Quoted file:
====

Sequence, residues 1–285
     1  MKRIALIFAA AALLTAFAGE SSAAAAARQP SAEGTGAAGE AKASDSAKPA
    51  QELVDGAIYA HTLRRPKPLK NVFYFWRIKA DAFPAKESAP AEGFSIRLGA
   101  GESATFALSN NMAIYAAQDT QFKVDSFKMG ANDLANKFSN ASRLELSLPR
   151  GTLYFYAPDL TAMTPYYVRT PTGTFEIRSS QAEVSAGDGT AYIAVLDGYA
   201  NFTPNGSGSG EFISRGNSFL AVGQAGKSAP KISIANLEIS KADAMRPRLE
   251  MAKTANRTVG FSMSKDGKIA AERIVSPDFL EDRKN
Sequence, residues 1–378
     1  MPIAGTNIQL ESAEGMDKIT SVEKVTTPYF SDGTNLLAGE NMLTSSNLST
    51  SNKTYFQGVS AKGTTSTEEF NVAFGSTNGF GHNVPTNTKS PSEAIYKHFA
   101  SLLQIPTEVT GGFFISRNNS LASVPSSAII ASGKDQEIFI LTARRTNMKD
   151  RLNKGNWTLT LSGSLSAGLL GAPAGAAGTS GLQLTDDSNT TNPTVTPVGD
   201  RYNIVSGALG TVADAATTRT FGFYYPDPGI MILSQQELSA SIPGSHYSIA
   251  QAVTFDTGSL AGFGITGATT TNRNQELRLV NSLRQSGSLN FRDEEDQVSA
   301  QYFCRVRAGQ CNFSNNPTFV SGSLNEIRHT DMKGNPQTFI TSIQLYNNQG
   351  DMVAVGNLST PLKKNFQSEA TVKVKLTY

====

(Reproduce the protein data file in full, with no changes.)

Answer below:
Sequence, residues 1–285
     1  MKRIALIFAA AALLTAFAGE SSAAAAARQP SAEGTGAAGE AKASDSAKPA
    51  QELVDGAIYA HTLRRPKPLK NVFYFWRIKA DAFPAKESAP AEGFSIRLGA
   101  GESATFALSN NMAIYAAQDT QFKVDSFKMG ANDLANKFSN ASRLELSLPR
   151  GTLYFYAPDL TAMTPYYVRT PTGTFEIRSS QAEVSAGDGT AYIAVLDGYA
   201  NFTPNGSGSG EFISRGNSFL AVGQAGKSAP KISIANLEIS KADAMRPRLE
   251  MAKTANRTVG FSMSKDGKIA AERIVSPDFL EDRKN
Sequence, residues 1–378
     1  MPIAGTNIQL ESAEGMDKIT SVEKVTTPYF SDGTNLLAGE NMLTSSNLST
    51  SNKTYFQGVS AKGTTSTEEF NVAFGSTNGF GHNVPTNTKS PSEAIYKHFA
   101  SLLQIPTEVT GGFFISRNNS LASVPSSAII ASGKDQEIFI LTARRTNMKD
   151  RLNKGNWTLT LSGSLSAGLL GAPAGAAGTS GLQLTDDSNT TNPTVTPVGD
   201  RYNIVSGALG TVADAATTRT FGFYYPDPGI MILSQQELSA SIPGSHYSIA
   251  QAVTFDTGSL AGFGITGATT TNRNQELRLV NSLRQSGSLN FRDEEDQVSA
   301  QYFCRVRAGQ CNFSNNPTFV SGSLNEIRHT DMKGNPQTFI TSIQLYNNQG
   351  DMVAVGNLST PLKKNFQSEA TVKVKLTY